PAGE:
Over 1,000 tornadoes touch down each year in the United States. Texas is one of the highest-ranking states for the average number of tornadoes per year. Tragedies such as Joplin, Missouri and Moore, Oklahoma remind us of the impact tornadoes can have on human life and public safety. How can we make our structures safer in the face of these events?
Building Code Requirements
The International Code Council (ICC) is a non-profit association that develops model codes and standards. In 2008, ICC published and developed the ICC 500 Standard for the Design and Construction of Storm Shelters. The purpose of the standard is to safeguard public health, safety, and general welfare relative to the design, construction, and installation of storm shelters constructed for protection from high winds associated with tornadoes. However, the ICC 500 does not mandate the design and construction of storm shelters within a jurisdiction.
The ICC also develops the International Building Code (IBC), the standard building code adopted by most municipalities across the United States. In 2015 IBC, building code requirements for storm shelters were introduced. Critical emergency operations in areas where the design wind speed for a tornado is 250 mph or greater require a storm shelter that complies with ICC 500. These facilities include 911 call stations; emergency operations centers; and fire, rescue, ambulance, and police stations. In addition, Educational Group E occupancy buildings with an occupant load of 50 or more (with a few exceptions) are required to have an ICC 500 storm shelter. Most of North Texas falls within the 250 mph region and our K-12 facilities fall within the Education Group E occupancy, thus requiring storm shelters.
“There has been a heightened concern for schools and the safety of its occupants. At any point during the day a severe storm or tornado could happen in these designated regions, and we need to have a way to protect the students and staff,” said Ronald Ishmael, BHB Associate and Structural Engineer. “This code update is very warranted, and like anything new, there is a huge learning curve to go through. As designers, we have to figure out how to accommodate storm shelters that fit each school’s budget.”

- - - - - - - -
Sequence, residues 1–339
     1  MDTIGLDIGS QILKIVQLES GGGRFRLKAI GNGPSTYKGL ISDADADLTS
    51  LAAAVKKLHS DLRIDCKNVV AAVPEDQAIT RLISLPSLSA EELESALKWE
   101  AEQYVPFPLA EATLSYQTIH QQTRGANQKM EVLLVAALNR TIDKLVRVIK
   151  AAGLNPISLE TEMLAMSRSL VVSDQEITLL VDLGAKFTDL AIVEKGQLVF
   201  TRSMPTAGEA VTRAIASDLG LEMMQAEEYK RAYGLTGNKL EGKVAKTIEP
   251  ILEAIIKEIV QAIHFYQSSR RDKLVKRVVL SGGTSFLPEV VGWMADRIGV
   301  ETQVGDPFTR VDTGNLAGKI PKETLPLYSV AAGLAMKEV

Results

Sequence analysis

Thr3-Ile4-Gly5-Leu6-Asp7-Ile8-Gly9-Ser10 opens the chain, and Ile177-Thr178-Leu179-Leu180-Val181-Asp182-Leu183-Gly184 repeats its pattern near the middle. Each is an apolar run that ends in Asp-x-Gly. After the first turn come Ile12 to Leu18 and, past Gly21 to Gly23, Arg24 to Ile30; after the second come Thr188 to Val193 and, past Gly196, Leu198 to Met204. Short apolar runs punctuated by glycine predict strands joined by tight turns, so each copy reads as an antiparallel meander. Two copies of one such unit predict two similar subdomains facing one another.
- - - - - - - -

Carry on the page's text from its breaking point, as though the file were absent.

Based on 2015 IBC, we know which structures require storm shelters–now, how do we know if this code applies to your project? The IBC is typically on a three-year update cycle to capture changes and incorporate new research. While municipalities adhere to the IBC, they don’t necessarily have to adopt the most recent version. Municipalities take time to review the code and make local jurisdiction modifications; municipalities in Texas typically go through this cycle every six years. Architects and engineers can assist with determining the IBC code edition in which the governing municipality is requiring for your structure and whether a storm shelter is required. However, due to the safety concerns, we encourage all owners to consider whether a storm shelter would be appropriate for their facility.
Budget & Planning
When incorporating a storm shelter into the design, project budget often becomes an obstacle. Especially when considering the budgetary limitations that often come with publicly funded projects, funds typically used for other parts of the project may need to be diverted to cover the cost of storm shelters. A collaborative design team knowledgeable of the code can provide the keys to a successful storm shelter design within a reasonable budget.